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A guy in a truck 

The Observer, having owned a little white house way down in Stifft Station lo these past 14 years or so, has amassed a collection of Guys in a Truck. If you own a home, you may well have your own Guys in a Truck: the reliable, reasonable, honest, independent contractors who you call when something goes kaput. The roof starts leaking, the hot water heater spews, the washing machine dies with a gurgle and a wheeze, and out comes the phone, along with a prayer that your Guy in a Truck hasn't chucked it all and gone to work for The Home Depot or the highway department since the last time you called him.

When we bought our little house on Maple Street, one of the things tendered in the sale was the package heating and air unit: a vast, slumbering rectangle of sheet metal just off the back steps. Even then, it wasn't new, and possibly not even new when it was installed on the house, which we bought from a rather shoddy flipper back when flipping houses hadn't yet helped crash the economy. That first summer, the air unit worked fine until the blazing heat of July, when it coughed and died, plunging our house into the kind of heat normally reserved for orchid greenhouses and Brazil. So, to the phone book — remind grandpa to tell you what those are someday, children — where we flipped to Page 1 of the air conditioning section and soon picked a name at random that sounded somehow reasonable: Around The Clock Heating and Air, Mr. Mamdo, sole proprietor.

Mr. Mamdo, angel that he is, always comes to us in times of trouble, when the perspiration is running from our furrowed brows or our feet are freezing. Over the long years of our shared, mechanical torment, he has watched Junior grow up and seen us through three cats, as we have seen a few of his kids, tagging along with dad on service calls, grow up. One of them is in dental school in Florida now, put there by the blue-collar sweat and toil of his immigrant father and The Observer's desperate insistence on clinging to an HVAC unit that should have long since been consigned to Valhalla. We always make a point to ask how his soon-to-be-dentist son is doing when Mr. Mamdo comes to call. The Observer, whose own dear Pa worked himself into an early grave on a roof to give Yours Truly a better life, knows the sacrifices fathers make for their children.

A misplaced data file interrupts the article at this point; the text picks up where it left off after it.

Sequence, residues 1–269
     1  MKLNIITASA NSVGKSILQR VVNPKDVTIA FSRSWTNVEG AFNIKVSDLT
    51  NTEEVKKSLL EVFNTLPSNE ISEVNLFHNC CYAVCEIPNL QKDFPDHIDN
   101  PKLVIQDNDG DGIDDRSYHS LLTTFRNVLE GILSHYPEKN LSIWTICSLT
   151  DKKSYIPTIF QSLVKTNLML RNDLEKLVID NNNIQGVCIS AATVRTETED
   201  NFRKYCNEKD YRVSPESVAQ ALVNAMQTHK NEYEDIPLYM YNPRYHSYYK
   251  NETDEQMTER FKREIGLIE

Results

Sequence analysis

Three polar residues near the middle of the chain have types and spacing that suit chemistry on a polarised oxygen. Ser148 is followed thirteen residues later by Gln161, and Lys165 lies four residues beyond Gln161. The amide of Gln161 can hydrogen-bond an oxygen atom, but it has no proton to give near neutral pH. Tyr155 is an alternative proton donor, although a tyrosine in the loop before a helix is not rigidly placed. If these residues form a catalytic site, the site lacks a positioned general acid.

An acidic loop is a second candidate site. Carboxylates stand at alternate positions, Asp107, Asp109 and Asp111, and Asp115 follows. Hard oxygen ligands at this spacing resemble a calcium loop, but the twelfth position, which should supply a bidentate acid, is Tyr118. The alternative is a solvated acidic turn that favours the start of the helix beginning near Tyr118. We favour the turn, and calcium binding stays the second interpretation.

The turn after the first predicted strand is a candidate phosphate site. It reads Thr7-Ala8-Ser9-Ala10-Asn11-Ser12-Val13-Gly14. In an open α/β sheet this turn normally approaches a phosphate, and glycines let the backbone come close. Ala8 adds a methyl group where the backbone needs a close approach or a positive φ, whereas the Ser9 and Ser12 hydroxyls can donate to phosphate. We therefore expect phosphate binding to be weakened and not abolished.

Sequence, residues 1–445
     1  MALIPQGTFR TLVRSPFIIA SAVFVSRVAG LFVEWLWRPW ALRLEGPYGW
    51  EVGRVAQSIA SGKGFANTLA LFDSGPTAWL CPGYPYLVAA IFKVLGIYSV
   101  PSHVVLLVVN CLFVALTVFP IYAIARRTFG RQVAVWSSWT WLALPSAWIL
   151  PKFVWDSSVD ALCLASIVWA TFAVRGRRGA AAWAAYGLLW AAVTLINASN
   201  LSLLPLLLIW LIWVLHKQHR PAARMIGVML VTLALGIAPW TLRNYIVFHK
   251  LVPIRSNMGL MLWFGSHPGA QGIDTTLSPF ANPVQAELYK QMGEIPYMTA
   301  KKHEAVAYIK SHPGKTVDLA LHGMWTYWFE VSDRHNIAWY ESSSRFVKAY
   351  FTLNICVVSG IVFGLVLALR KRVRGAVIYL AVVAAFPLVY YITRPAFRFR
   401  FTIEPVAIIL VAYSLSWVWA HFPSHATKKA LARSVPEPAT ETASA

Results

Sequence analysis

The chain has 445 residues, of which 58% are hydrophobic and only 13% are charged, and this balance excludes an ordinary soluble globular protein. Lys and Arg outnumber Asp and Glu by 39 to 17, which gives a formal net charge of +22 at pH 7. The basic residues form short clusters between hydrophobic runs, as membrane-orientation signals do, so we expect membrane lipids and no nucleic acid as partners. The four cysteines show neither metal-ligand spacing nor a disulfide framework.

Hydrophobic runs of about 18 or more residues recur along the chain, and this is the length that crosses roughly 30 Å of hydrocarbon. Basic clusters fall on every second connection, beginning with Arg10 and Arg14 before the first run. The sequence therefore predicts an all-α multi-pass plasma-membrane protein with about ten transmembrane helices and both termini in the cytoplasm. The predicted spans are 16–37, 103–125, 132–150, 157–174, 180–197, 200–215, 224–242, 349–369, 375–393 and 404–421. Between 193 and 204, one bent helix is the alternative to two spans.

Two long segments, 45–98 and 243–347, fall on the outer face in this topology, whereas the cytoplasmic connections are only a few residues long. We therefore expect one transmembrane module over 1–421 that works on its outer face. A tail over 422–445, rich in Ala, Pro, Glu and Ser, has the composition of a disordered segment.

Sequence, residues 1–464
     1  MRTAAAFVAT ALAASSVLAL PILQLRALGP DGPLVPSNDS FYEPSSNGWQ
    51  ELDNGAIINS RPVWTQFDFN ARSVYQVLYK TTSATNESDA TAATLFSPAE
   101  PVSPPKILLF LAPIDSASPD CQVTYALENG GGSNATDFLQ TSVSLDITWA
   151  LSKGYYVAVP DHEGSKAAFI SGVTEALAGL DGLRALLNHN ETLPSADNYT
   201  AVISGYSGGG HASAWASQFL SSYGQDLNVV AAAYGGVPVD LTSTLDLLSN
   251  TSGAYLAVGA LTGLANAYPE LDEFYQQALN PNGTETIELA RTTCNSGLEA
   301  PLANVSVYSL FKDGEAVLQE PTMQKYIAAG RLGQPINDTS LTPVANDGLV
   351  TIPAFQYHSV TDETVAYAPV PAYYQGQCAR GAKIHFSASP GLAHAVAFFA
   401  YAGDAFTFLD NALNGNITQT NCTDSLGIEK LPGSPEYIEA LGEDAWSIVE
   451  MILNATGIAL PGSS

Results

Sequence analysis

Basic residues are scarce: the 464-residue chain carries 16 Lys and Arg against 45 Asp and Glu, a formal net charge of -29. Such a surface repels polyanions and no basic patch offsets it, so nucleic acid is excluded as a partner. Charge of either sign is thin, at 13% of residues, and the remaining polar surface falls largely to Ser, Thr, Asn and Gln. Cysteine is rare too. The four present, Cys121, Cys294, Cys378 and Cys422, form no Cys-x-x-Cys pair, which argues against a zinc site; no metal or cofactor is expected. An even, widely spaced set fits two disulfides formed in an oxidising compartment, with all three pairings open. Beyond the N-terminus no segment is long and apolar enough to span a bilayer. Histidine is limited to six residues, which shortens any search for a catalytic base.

So it was that last month, our heating and air unit — that rumbling, clanking warhorse of many a 110-degree day and sub-zero night — gave up the ghost, to much weeping and gnashing of teeth by all but Mr. Mamdo. He'd been warning us for years that the day would finally come, even as he held our AC unit together with bubblegum and zipties. Finally, it was here. Not only had the blower fan died, he told us, like a doctor delivering a cancer diagnosis, but the heat exchangers were on the verge of rusting out, raising the specter of carbon monoxide poisoning. "A Death Machine," he called it, which made the pale gray box by the back steps suddenly seem very exciting indeed.

A price was quoted, Spouse went to the bank for a loan, and then we spent a day watching Mr. Mamdo, a helper and one of his sons wrestle the old unit out through the back gate and the new, shining unit into place. Even when it was time to pay up, Mr. Mamdo argued with The Homeowner, cutting his price and still trying to insist that we could pay him half now and half next month, interest free, no problem. "It's the holidays," he said, perhaps sensing, as The Observer did, that it would be the last time we saw our old friend for a long while, "and you are like my brother, man." Never has The Observer come so close to shedding a tear while handing over a large check, and it had nothing to do with the staggering number of zeros.

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